Port Arthur massacre
1996: Port Arthur massacre leads to tighter gun laws
On 28 April 1996, 35 people lost their lives and at least 18 more were injured when a lone gunman went on a shooting rampage in Port Arthur, Tasmania.
Within four months of the tragedy, the recently elected conservative coalition government under John Howard had orchestrated a tightening of Australia’s state and territory gun laws, which are now some of the strictest in the world.
More on the Port Arthur massacre
Anonymous, ‘35 reasons why our leaders must act’, Daily Telegraph (Sydney), 2 May 1996:
Gentlemen, the people of Australia are weary of the gun debate. In Tasmania, 35 people are dead because a killer was able to arm himself with a semi-automatic rifle. Your responsibility is to make it illegal to own these guns, illegal to be in possession of them, illegal to obtain the bullets they fire. All this is within your power and the public demands nothing less.
A terrible tragedy
On Sunday 28 April 1996, Martin Bryant, a young Hobart man, went on a shooting rampage in and around Port Arthur, an historic site and major tourist destination in south-east Tasmania. The massacre left 35 people dead and many injured and traumatised.
Using semi-automatic weapons that he had bought without a licence, Bryant had perpetrated one of the most deadly civilian mass shootings in the world to date. Australia, as a nation, was shocked to the core.
Australian firearms laws
The Australian Government only has the power to make legislation relating to the importation of firearms into the country. Laws concerning private gun ownership are state based and, in 1996, varied greatly. There were different rules about licensing and background checks as well as the types of guns people could use.
In the wake of the Port Arthur massacre, both gun-control and pro-gun lobbyists came out in force. Those in favour of gun control used not only Port Arthur but also mass shootings and firearm-related homicides and suicides from the two previous decades to illustrate the need for tighter and uniform legislation across the country.
Pro-gun groups were vehemently against the limiting of firearms rights for responsible owners and disliked the implication that guns themselves, rather than their misuse by small numbers of people, were to blame for violence.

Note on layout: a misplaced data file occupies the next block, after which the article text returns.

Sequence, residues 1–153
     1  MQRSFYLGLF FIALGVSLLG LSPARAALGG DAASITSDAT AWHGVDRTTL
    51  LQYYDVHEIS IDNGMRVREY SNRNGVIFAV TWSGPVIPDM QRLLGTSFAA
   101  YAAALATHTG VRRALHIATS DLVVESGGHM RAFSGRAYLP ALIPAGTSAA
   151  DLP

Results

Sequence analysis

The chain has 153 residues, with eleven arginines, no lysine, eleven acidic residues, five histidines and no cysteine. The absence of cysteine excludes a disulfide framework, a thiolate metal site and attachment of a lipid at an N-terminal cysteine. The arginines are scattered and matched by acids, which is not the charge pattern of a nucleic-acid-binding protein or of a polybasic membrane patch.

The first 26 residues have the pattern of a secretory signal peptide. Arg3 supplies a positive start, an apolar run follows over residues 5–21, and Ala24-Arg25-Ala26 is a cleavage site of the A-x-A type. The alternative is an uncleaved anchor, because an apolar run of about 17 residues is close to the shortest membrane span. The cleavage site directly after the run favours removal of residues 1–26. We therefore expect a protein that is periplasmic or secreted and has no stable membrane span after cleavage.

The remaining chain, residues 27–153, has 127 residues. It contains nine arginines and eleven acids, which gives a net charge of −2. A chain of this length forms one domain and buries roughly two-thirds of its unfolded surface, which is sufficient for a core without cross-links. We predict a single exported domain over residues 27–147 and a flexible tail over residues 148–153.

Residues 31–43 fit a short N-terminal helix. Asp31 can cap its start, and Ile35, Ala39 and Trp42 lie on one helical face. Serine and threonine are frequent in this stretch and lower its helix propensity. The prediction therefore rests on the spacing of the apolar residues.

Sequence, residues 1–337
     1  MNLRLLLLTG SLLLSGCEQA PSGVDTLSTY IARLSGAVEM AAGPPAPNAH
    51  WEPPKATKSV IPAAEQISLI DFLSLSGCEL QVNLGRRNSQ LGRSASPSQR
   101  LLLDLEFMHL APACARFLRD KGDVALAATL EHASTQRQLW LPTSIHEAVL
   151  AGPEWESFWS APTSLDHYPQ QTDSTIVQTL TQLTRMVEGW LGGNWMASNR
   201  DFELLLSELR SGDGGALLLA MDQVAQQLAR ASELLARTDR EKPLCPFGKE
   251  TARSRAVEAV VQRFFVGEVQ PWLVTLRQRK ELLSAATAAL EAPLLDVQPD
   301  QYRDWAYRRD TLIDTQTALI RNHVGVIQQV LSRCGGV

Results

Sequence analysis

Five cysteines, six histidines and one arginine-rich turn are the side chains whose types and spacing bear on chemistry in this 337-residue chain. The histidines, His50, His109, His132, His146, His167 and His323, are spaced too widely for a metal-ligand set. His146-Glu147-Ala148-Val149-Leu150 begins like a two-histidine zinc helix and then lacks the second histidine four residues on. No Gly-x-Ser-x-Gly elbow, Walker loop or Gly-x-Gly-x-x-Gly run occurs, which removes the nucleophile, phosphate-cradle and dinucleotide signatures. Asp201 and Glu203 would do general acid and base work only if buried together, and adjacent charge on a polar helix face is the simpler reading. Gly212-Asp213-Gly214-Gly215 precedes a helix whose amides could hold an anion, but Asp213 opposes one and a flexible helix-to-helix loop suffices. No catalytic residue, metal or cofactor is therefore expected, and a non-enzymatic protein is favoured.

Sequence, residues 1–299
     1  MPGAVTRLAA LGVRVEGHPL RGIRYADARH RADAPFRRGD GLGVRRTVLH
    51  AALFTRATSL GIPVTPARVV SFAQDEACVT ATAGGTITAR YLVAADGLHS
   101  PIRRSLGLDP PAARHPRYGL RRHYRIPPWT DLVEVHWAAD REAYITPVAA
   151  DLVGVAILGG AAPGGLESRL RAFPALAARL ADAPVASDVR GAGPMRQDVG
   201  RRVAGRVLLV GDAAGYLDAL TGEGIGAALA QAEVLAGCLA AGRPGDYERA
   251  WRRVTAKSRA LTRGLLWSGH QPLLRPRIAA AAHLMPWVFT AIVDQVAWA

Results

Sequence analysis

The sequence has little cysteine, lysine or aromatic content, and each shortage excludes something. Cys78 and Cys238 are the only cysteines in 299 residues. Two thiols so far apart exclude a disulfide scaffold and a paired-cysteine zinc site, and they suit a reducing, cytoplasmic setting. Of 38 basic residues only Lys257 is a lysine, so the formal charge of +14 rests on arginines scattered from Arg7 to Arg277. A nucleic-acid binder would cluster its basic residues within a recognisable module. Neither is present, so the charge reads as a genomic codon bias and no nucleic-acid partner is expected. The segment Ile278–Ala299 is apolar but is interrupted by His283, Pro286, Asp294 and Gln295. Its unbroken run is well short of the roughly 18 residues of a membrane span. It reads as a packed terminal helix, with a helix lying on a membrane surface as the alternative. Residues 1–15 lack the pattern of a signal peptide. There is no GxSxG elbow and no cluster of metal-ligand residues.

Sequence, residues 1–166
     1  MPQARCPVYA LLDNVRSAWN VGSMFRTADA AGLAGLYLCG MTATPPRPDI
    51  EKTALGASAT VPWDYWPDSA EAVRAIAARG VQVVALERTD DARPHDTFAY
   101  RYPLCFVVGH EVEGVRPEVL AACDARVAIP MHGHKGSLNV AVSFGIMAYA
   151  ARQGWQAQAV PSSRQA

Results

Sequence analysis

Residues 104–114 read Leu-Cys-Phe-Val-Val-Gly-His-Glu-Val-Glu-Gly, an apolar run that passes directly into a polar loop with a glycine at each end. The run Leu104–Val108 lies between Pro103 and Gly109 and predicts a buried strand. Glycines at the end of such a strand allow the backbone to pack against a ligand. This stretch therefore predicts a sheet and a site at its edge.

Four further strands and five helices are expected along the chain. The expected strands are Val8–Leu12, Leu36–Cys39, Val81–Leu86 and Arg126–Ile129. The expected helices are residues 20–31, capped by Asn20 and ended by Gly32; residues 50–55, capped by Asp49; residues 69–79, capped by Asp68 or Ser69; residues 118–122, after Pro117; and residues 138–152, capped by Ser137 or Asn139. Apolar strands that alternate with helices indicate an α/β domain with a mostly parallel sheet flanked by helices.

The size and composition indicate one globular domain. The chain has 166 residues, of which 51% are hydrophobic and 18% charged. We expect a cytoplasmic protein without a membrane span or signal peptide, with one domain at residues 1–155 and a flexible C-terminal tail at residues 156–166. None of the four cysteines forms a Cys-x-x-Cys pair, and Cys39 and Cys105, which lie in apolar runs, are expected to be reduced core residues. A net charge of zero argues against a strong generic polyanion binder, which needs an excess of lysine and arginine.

Road to change
After the massacre, the recently elected Coalition federal government decided to work towards engaging the states and territories to enact identical gun laws. This move was an attempt to ensure there would never again be another event like Port Arthur in Australia.
The new legislation would involve a ban on firearms that are fully automatic, semi-automatic (such as those used at Port Arthur), pump-action and self-loading.
There would also be limitations on who could legally sell or supply weapons, minimum licensing and permit requirements, and more secure storage rules.
A mandatory ‘cooling-off’ period of 28 days before being granted a gun licence was implemented, as were the introduction of compulsory safety courses and the need to supply a ‘genuine reason’ for owning a firearm that could not include self-defence.
These measures were unpopular with many conservative state governments and were opposed by gun-owners, a large number of whom had voted for the Coalition due to its previous support of the gun lobby.
Prime Minister John Howard was publicly upbraided at pro-gun rallies across the country (especially when he appeared in Victoria in a bulletproof vest) and was seen by many conservatives to be bullying state governments into changing their laws. Others in the community, especially gun-control groups, were supportive of Howard’s decisive approach and his refusal to back down on the issue.
Over a tumultuous four months, Howard and his government convinced all states and territories to change their gun legislation to comply with the 1996 National Firearms Agreement (see link below).
A gun buyback and amnesty was initiated that allowed people to surrender newly banned weapons without legal consequences, with some people receiving payment funded by a Medicare levy as compensation. During the buyback, more than 700,000 firearms (both banned and legal) were surrendered to the police and destroyed. This represented a third of the guns that were estimated to be in the country at the time.
There have been no mass shootings in Australia since the terrible events of Port Arthur. The homicide rate involving firearms has greatly decreased, leading to a reduction in the number of homicide deaths in Australia overall. Gun-related suicide rates have also decreased since the 1996 legislative changes.
Website for the Alannah and Madeline Foundation, set up in memory of two victims of the massacre
Over our dead bodies: Port Arthur and Australia's fight for gun control, Simon Chapman, Sydney University Press, 2013.
‘Rational Firearm Regulation: Evidence-based Gun Laws in Australia’, Rebecca Peters, in Reducing Gun Violence in America: Informing policy with evidence and analysis, Daniel Webster and Jon Vernick (eds), The Johns Hopkins University Press, Baltimore, 2013.
‘The Big Melt: How one democracy changed after scrapping a third of its firearms’, Philip Alpers, in Reducing Gun Violence in America: Informing policy with evidence and analysis, Daniel Webster and Jon Vernick (eds), The Johns Hopkins University Press, Baltimore, 2013.
‘Do Gun Buybacks Save Lives? Evidence from Panel Data’, Andrew Leigh and Christine Neill in American Law and Economics Review, Vol 12, No 2, pp 509–557, 2010.